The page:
The Russian ambassador to the UN, Vassily Nebenzia, meanwhile, said Washington had embarked on an “illegal military venture.”

“Russia condemns in the strongest possible terms the attack against Syria where Russian military personnel are assisting the legitimate country and their counterterrorism efforts,” Nebenzia said, reading a statement from Russian President Vladimir Putin.

Trump administration striking Syria breaks international law

The UN Security Council met to debate the strikes, but rejected a Russian resolution calling for condemnation of the “aggression” by the three Western allies.

The White House said Trump spoke with British Prime Minister Theresa May and French President Emmanuel Macron on Saturday, and the trio agreed the bombings “were successful and necessary to deter” the future use of chemical weapons.

Photographs released by the Pentagon Saturday showed three large buildings that appeared to have been flattened by the air strikes.

On Saturday, Syria released video of the wreckage of a bombed-out research lab — along with clips of Assad arriving at work as usual, with the caption “Morning of resilience.”

Syrian state TV claimed that three civilians were wounded after “several” missiles were intercepted by Syrian air-defense systems. Government forces also entered Douma, the site of the purported poison gas attack, and expelled rebel fighters from the town.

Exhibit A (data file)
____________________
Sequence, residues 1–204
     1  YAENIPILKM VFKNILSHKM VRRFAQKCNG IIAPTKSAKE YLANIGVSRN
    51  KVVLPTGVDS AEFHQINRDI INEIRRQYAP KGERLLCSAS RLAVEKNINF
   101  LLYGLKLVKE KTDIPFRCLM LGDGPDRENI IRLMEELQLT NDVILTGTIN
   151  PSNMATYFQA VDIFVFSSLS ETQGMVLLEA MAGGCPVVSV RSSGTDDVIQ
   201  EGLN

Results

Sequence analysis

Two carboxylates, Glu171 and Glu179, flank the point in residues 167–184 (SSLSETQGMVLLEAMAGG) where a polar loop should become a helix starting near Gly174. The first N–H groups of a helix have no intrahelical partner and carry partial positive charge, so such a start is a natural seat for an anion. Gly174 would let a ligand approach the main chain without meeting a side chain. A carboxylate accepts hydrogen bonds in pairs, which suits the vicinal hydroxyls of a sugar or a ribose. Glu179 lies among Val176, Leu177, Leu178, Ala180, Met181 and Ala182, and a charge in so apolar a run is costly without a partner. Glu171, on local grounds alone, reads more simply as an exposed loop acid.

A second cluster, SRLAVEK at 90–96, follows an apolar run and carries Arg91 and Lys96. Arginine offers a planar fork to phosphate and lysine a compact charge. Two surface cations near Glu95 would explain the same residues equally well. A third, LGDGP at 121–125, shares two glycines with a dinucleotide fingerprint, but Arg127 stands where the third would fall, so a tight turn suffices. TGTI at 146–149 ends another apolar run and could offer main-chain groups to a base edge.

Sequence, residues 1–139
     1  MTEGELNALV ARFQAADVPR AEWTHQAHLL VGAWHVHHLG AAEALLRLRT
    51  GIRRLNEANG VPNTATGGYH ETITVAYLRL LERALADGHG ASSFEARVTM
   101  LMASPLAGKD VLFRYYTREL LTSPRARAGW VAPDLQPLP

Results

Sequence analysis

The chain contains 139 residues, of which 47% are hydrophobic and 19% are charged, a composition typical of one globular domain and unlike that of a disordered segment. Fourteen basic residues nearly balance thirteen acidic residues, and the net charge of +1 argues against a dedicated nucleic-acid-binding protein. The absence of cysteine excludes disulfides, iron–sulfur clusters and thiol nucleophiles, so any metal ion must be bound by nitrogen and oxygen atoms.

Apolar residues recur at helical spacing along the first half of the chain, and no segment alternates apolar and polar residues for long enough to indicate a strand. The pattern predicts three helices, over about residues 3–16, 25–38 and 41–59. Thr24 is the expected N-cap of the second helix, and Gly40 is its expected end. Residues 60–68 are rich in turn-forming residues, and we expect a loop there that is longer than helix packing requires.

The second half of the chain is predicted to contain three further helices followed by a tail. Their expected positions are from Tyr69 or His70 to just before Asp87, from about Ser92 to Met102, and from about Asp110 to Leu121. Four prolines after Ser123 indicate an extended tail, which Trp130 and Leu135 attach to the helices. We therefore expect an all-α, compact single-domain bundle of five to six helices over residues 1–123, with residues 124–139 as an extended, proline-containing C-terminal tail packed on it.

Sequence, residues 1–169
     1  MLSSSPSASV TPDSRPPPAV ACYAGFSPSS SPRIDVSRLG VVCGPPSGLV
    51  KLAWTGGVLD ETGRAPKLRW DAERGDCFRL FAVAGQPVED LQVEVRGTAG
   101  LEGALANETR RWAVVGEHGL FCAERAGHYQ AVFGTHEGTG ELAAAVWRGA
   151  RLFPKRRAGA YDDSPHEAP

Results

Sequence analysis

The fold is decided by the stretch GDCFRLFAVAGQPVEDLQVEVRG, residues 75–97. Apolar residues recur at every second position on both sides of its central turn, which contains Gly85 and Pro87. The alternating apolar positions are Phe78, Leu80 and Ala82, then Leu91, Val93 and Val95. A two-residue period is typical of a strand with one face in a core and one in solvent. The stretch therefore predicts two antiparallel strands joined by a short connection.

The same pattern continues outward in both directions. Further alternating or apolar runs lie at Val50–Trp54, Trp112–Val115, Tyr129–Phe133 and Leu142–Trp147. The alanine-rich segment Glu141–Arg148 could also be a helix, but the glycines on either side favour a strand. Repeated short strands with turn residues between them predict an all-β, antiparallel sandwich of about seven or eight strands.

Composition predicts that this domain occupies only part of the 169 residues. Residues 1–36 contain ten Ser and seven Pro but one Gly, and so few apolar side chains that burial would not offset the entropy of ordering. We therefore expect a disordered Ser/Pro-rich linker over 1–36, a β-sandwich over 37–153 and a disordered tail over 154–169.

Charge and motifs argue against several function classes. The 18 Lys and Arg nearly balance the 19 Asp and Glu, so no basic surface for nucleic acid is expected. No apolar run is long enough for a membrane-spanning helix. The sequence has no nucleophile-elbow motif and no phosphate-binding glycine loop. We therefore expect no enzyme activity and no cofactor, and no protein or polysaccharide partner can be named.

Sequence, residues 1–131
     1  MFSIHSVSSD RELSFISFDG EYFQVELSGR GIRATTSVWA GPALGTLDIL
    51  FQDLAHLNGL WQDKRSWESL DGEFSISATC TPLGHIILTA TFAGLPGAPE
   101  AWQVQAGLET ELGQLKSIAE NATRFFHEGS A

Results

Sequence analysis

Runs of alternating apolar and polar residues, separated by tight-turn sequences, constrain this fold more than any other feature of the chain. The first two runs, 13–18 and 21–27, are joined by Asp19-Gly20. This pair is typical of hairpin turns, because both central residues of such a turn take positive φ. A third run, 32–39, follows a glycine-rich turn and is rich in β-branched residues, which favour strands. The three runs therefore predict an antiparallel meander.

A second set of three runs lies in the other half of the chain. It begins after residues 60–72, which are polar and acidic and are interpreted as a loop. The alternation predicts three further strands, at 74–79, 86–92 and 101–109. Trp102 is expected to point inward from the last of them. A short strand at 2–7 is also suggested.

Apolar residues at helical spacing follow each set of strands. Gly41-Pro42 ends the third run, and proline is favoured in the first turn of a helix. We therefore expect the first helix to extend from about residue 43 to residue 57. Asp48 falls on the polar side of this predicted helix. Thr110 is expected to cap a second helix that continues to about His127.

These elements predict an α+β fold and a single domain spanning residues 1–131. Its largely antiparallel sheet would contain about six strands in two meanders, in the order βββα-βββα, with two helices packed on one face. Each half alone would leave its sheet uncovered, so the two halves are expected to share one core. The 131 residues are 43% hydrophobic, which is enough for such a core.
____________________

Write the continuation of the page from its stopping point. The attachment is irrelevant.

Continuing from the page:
President Trump arrives to announce military strikes on Syria as new national security adviser John Bolton follows behind at the White House.

President Trump arrives to announce military strikes on Syria as new national security adviser John Bolton follows behind at the White House.

(YURI GRIPAS/REUTERS)

Hundreds of Assad supporters took to the streets of Damascus to denounce the bombings.

“We are not scared of America’s missiles. We humiliated their missiles,” said Mahmoud Ibrahim, who waved a Syrian flag as he hung out of his car window.

Lt. Marine Gen. Kenneth McKenzie, director of the Joint Chiefs of Staff, said that none of the aircraft or missiles involved in this operation were successfully engaged by Syrian air defenses, and there is no indication that Russia air defense systems were employed.

Syrian forces fired 40 interceptor missiles in an attempt to combat the barrage from the allied forces, but most were launched after the last incoming missile had already struck its target.

It was unclear where the ineffective Syrian missiles landed, McKenzie said.

“When you shoot a lot of iron in the air, it’s going to come down somewhere,” he added.